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October 2010, Week 4

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Mon, 25 Oct 2010 22:22:20 -0400
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Airline Profits Soar Leaving Passengers Sour &
Employees Sore
By Carl Finamore
October 23, 2010
Submitted to Portside Labor by the author

Wall Street is jumping up and down because airlines are
making money again, big money. The nine largest US
passenger airlines posted cumulative net income of
$1.45 billion for the three months ending June 30,
according to Air Transport News. This is four times the
income generated last year. These are not exceptions.

Passenger revenue in September increased by 19% for all
the major carriers, the ninth consecutive month of
gains. The good times don't stop there. The top ten
U.S. airlines will bring in profits of $2.8 billion for
the current year and $3.5 billion for 2011, predicts
Vaughn Cordle, founder of AirlineForecasts LLC.

But how did airlines turn their fortunes around and
what does it mean for passengers and employees who can
both arguably be described as long-suffering victims of
greed in the sky?

While it definitely is a remarkable turnaround for the
beleaguered industry it is neither a big mystery how it
happened nor a big surprise that it does not
necessarily bode well for either the travelling public
or airline workers.

Aside from mounting industry consolidation which
generates its own profit dynamic resulting from a
monopoly of the skies, the profitable excesses are
being accomplished the old-fashioned way: charging more
fees and higher ticket prices, cramming more people
into each flight and reducing service staff.

Fees, Fees and More Fees

Experience clearly shows that fewer airlines and less
competition come at the expense of consumers. As a
result, ticket prices will surely continue to rise
following the 2008 merger of Delta with Northwest, the
2010 merger of United with Continental and the just
announced purchase by Southwest of AirTrans.
Don't be deceived by periodic sales to targeted tourist
Mecca's, fares are indeed going up. In fact, summer
prices jumped an average of 18 percent according to the
Air Transport Association, a major trade group.

But airlines have discovered additional ways to gouge
consumers. I am referring to those exasperating fees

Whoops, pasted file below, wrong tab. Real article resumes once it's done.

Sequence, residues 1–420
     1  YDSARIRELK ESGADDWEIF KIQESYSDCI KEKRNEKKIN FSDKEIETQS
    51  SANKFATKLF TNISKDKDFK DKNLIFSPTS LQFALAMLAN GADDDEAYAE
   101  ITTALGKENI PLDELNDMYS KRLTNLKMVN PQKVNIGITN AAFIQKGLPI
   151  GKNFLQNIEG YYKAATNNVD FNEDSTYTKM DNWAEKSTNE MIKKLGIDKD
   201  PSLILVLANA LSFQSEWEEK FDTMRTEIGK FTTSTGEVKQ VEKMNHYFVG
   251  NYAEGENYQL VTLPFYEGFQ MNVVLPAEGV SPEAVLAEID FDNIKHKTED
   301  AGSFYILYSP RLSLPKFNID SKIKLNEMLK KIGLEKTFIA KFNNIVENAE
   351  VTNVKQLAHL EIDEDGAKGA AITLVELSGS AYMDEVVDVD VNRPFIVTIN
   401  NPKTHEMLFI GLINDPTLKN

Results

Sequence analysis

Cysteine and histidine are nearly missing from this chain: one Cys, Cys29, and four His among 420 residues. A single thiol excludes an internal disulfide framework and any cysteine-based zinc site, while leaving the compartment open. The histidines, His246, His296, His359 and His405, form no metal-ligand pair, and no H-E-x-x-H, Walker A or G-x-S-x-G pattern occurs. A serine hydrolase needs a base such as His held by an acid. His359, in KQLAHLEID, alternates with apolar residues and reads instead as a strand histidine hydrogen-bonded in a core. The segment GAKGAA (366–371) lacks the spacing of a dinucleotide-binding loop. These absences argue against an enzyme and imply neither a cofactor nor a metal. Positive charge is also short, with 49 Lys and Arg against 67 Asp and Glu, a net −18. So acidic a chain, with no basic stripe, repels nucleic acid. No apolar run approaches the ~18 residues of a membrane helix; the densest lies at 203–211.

for bags, meals, and confirmed seat assignments. The
consulting firm, IdeaWorks, estimates that carriers
will garner an extra $18 billion in 2010 from these
irritating service charges. This is a whopping 33
percent jump from last year.

Carriers can still temporarily decrease tickets for
various marketing reasons as long as they keep charging
these lucrative fees.

UAL president John Tague calls them "an unequivocal
success." His enthusiasm is understandable because UAL
took in around $1.8 billion from fees last year. And
don't expect these additional travel costs to
disappear. Tague claims he would feel comfortable
doubling the amount UAL earns from baggage charges.

The second factor leading to profitability also
negatively impacts travelers. By trimming fleets,
airlines are filling each aircraft well above previous
industry standards for profitability. The US Department
of Transportation reported that 86.9% of all seats were
filled in July for all major US airlines. This is the
"highest recorded for any July."

Last year, the average passenger "load" on each
aircraft was 84% for the majors compared to 82% the
previous year. Only a few years ago, the profitable
range was in the 70 percentile. This rising trend is
not so comforting for those paying more for the
privilege of sitting in stuffy and cramped cabins.

It makes one realize that passengers are not the
beneficiaries of the industry's self-proclaimed
"efficiency." But neither are airline employees. They
have endured major wage and benefit reductions since
2001.

This brings us to the final piece in the puzzle of how
airlines have so rapidly climbed out of their descent.

Passengers Gouged, Employees Squeezed

In the last few years, bankruptcy courts ripped apart
the wages and benefits of hundreds of thousands of
employees. Based on long experience, veteran airline
employees realize that good times returning to the
carriers does not automatically mean good wages and
benefits returning to them.

Labor costs at the five network airlines have fallen